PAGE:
|Institution:||University of North Texas|
|Keywords:||Bonds; underwriting; reputation|
|Full text PDF:||http://digital.library.unt.edu/ark:/67531/metadc500223/|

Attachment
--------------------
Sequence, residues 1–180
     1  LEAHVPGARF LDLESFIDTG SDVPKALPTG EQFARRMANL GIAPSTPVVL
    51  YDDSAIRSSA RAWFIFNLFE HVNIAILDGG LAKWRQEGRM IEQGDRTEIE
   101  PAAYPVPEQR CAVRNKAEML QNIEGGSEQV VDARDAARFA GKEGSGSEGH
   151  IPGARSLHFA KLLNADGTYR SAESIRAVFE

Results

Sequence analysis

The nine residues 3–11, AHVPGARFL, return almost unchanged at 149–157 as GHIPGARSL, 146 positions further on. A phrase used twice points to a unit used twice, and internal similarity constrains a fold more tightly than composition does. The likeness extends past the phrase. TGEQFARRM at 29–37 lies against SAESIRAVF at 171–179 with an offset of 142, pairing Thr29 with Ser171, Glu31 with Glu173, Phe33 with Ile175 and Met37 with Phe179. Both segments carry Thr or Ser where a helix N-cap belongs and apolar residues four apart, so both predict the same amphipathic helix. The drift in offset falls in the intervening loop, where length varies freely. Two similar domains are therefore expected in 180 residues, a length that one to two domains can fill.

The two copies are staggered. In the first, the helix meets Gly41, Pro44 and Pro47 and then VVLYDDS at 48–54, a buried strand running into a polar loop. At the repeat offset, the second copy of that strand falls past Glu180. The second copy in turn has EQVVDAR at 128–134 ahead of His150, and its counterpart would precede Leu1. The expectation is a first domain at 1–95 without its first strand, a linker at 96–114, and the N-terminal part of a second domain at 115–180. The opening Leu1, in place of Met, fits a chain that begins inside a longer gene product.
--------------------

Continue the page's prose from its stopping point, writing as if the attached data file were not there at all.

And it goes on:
The initial matching relationships between underwriters and bonds/issuing firms and the certification quality of underwriters, as determined by changes in the issuing firm’s financial strength post issue, are the two primary research topics in this dissertation. Based on total underwriter syndicate market share, two distinct categories, low market power (LMP) syndicates and high market power (HMP) syndicates were defined. Firm financial strength is examined based on a new factor developed in this research. A comparison of the two underwriting categories, or pools, indicates that the HMP underwriters take on firms of lower initial financial strength and additionally, the issuing firms decline more in financial strength two years following bond issuance than do firms using LMP underwriters. Notwithstanding these results, the more interesting findings are the relationships within each of these pools. In the LMP pool of underwriters, financially stronger firms used the larger LMPs to underwrite their bonds, while the weaker firms used smaller LMPs. In contrast, among HMP underwriters, the largest HMPs aligned with the firms of relatively lower financial strength. The relationships in both pools reverse when changes in financial strength are examined. Larger LMPs are associated with greater issuing firm financial decline while larger HMPs correlate with lower levels of decline in firm financial strength. Divergent patterns in initial underwriter-issuer matching and underwriter certification found in this research indicate that there are true differences in the “small” underwriting syndicates as compared to the larger syndicates. These patterns should be considered by both issuing firms and investors as both constituencies contemplate the corporate bond market.